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RFHPC154: Biohacking in the News

In this podcast, the Radio Free HPC team looks alarming new hacks of health care data.

  • Henry points us to a story about a PET scanner hack that exploited Windows 7. He thinks a better design would be to have the device send data only. Shahin thinks that this kind of problem with I0T will require us to have different approaches for “Big T” things like mainframes and “Little T” things like sensors.
  • Rich is intrigued by the recent story that biohackers were able to put malware into synthetic DNA that can infect and take over a gene sequencer device.

After that, we do our Catch of the Week:

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RFHPC153: A Second Look at Posit Computing

In this podcast, the Radio Free HPC team looks at the problems with IEEE Floating Point.

“As described in a recent presentation by John Gustafson, the flaws and idiosyncrasies of floating-point arithmetic “constitute a sizable portion of any curriculum on Numerical Analysis.” The whole thing has Dan pretty worked up, so we hope that the news of Posit Computing coming to the new processors from Rex Computing will help. The A*STAR center at the National University of Singapore will be one of the first to test out Rex machines later this month.”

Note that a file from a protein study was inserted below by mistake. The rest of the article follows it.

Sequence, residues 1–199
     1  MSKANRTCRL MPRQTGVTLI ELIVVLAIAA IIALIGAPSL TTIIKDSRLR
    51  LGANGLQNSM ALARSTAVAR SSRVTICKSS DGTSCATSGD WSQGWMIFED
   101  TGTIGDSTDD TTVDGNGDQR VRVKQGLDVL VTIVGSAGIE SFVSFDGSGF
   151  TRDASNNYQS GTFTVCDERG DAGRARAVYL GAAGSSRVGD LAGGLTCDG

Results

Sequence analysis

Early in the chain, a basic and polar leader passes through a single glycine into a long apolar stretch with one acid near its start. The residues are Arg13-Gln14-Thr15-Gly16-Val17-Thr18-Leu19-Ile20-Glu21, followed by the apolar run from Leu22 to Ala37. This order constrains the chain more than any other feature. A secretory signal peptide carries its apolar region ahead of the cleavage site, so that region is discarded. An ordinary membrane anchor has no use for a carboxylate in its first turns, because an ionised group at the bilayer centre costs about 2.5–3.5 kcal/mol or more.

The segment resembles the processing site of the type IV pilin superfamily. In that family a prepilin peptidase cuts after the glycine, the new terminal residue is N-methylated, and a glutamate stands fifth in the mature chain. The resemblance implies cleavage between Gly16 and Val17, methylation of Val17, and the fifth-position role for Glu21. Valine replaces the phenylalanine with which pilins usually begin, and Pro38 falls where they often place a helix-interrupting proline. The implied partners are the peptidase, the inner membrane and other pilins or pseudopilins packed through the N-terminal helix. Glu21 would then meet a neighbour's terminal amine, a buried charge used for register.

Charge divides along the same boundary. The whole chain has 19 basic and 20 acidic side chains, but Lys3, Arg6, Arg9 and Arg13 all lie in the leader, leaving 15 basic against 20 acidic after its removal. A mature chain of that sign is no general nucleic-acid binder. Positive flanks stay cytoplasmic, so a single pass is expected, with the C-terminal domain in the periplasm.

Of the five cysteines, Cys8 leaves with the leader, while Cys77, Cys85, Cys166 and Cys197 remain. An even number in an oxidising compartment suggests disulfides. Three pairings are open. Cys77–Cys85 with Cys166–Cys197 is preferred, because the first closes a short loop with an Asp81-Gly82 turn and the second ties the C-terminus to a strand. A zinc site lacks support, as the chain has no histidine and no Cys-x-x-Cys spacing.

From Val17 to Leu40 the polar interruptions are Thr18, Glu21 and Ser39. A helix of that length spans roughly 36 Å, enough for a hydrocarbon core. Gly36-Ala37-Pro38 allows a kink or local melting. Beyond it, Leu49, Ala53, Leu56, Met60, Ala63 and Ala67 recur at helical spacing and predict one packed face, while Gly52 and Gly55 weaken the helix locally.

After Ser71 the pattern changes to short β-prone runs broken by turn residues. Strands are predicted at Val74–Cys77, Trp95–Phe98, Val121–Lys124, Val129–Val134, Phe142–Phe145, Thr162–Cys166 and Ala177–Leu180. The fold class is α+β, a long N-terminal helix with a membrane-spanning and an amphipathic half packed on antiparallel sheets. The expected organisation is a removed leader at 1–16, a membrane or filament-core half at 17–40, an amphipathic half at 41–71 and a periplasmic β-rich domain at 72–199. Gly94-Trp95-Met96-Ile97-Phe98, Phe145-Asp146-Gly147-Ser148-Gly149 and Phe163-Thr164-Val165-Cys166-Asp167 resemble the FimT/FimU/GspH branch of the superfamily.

After that, we do our Catch of the Week:

  • Shahin is looking into end-to-end secure cyber supply chain as an element of IoT. It turns out to be a very tough problem to solve and you have to control from the point of inception.
  • Henry points out that the US Army is reportedly banning all drones from China’s DJI. The company is one of the biggest manufacturers of drones.
  • Rich is impressed with the new 18 Petaflop Stampede 2 supercomputer at TACC. As the biggest academic supercomputer in Academia, the Dell machine is a showcase for Intel’s HPC technologies.

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RFHPC152: AI, Ethics, and Self-Driving Cars

In this podcast, the Radio Free HPC team learns about Henry’s first exploit as an Ethical Superhero.

“After witnessing a hit-and-run fender bender, Henry confronted the culprit and ensured that the miscreant left a note on the victim’s windshield. And while we applaud Henry for his heroism, we are also very grateful that he was not shot in the process. This tale leads us into a discussion of AI ethics and how we won’t have this problem in the coming era of self-driving cars.”

After that, we do our Catch of the Week:

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RFHPC151: Cray Urika-GX Brings Graph Computing to Alan Turing Institute